We could go on listing projects which have overrun and which went over budget. London is still in the middle of Crossrail development (it was meant to open last December), the California High-Speed Rail now costs $46 billion more than expected and is a decade behind schedule, and the issues with cost and delivery of the 2004 Scottish Parliament building eventually led to a public inquiry. Lord Fraser’s report concluded that the initial £40 million budget “never had any basis in reality”, and wrote that “it verges on the embarrassing to conclude, as I do, that virtually none of the key questions about construction management were asked”. One of the most interesting megaprojects is La Sagrada Familia, Antoni Gaudi’s cathedral in Barcelona – it is not expected to be completed until 2026, 137 after work began, because the project relies solely on private donations.
If megaprojects seem destined to overrun, it does rather beg the question – can anything be done to ensure they don’t? A team at UCL analysed the working practices and end results of more than 6000 megaprojects, identifying six key themes that explain why a project may fail: “decision-making behaviour; strategy, governance and procurement; risk and uncertainty; leadership and capable teams; stakeholder engagement and management; supply chain integration and coordination.” Importantly, all of these reasons were of equal significance to a megaproject’s poor performance.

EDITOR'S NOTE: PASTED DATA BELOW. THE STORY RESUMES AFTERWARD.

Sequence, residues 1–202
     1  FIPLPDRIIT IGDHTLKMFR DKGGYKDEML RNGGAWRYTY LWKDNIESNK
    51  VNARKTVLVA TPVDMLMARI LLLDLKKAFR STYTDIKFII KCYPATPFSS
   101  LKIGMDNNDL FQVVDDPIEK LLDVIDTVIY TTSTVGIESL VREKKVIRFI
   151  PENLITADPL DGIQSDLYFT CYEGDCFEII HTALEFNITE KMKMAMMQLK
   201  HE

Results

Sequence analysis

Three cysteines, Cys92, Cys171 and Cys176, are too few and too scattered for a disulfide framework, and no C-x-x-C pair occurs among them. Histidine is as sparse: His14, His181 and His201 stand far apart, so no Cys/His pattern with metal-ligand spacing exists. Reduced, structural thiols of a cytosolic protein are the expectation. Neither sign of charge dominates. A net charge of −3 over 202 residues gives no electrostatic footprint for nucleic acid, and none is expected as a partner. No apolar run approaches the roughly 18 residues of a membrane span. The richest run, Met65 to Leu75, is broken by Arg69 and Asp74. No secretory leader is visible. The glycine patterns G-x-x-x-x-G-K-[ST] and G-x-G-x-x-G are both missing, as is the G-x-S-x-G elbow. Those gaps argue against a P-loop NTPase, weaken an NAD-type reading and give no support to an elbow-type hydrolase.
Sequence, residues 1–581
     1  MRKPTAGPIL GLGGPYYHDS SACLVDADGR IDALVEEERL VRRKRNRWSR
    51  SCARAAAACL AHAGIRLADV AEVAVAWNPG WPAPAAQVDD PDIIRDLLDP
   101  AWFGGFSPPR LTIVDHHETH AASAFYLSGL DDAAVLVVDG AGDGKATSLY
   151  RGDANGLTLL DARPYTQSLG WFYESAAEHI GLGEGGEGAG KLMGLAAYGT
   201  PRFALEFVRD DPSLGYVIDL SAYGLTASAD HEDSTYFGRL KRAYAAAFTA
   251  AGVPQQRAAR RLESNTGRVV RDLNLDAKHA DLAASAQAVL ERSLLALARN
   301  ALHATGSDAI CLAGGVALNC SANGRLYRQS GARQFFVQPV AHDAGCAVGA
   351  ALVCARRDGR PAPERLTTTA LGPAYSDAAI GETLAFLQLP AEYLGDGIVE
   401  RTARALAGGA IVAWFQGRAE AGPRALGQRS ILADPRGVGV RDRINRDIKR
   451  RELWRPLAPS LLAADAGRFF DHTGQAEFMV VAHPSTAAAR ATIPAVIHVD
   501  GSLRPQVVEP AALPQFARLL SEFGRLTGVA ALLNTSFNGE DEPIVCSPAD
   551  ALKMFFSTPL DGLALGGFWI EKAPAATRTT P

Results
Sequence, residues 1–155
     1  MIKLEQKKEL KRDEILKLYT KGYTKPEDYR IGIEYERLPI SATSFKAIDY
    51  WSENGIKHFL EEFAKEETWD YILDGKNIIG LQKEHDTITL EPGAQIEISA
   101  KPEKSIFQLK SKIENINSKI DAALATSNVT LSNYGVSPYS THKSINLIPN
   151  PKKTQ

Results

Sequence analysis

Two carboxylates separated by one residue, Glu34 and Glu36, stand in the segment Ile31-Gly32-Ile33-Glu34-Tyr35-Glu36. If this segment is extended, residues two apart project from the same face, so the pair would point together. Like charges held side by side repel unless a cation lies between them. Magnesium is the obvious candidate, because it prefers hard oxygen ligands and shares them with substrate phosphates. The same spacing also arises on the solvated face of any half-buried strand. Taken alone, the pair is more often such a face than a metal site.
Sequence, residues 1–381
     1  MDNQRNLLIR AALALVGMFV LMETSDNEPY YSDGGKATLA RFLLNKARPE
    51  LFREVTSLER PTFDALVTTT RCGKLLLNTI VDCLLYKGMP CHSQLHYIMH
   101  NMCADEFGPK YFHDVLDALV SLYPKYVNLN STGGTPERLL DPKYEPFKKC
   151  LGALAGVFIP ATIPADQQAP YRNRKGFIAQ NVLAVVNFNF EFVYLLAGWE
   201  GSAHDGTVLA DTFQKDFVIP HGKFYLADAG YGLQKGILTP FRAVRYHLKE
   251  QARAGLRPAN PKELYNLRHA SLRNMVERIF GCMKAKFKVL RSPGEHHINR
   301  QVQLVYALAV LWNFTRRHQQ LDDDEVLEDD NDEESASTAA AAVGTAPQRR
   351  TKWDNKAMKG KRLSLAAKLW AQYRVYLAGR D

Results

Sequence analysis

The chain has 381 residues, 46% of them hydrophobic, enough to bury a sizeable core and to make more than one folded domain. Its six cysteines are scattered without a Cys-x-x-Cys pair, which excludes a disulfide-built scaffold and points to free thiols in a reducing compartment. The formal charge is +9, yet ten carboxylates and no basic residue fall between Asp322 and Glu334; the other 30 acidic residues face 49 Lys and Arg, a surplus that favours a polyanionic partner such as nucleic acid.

The UCL team, led by researcher Dr Juliano Denicol, also noted a number of potential preventative measures and solutions that could help facilitate the needs of those delivering megaprojects. These five avenues are as follows: designing the system architecture; bridging the gap with manufacturing; building and leading collaborations; engaging institutions and communities; decomposing and integrating the supply chain. As Peter Hansford, the UK Government’s former Chief Construction Adviser, says, it is “of urgent importance to understand why megaprojects underperform and what needs to be done to prevent them doing so”.
In a 2017 paper, Aaron Shenhar and Vered Holzmann also identified three ingredients for megaproject success. These were a clear strategic vision, total alignment between those involved in the project and the ability to adapt to complex and novel circumstances. They cite the 1969 Moon landing as an example of a successful megaproject. In May 1961, President Kennedy said: “I believe that this nation should commit itself to achieving the goal, before this decade is out, of landing a man on the Moon and returning him safely to the Earth.” It was a clear objective, all teams were working to that objective and it was impossible to rely on past experience because the mission was completely unprecedented. Come July 1969, and they all succeeded.
It’s impossible to offer a generalised solution that will fit all megaprojects because they are, by their very nature, unique projects. The major identifiable issue seems to be a lack of sufficient preparatory work to mitigate as many issues as possible, but no amount of preparation will be able to foresee everything. It’s unlikely that we’ll see an end of an era of overrunning, overbudget megaprojects (as we’ve seen, they’ve always been like that), but perhaps shifting some of the tighter deadlines will alleviate a lot of pressure. No-one really expected HS2 to be ready on time – shifting from short-term positives to longer-term planning can only be a societal positive, even if it’s a politically weaker step.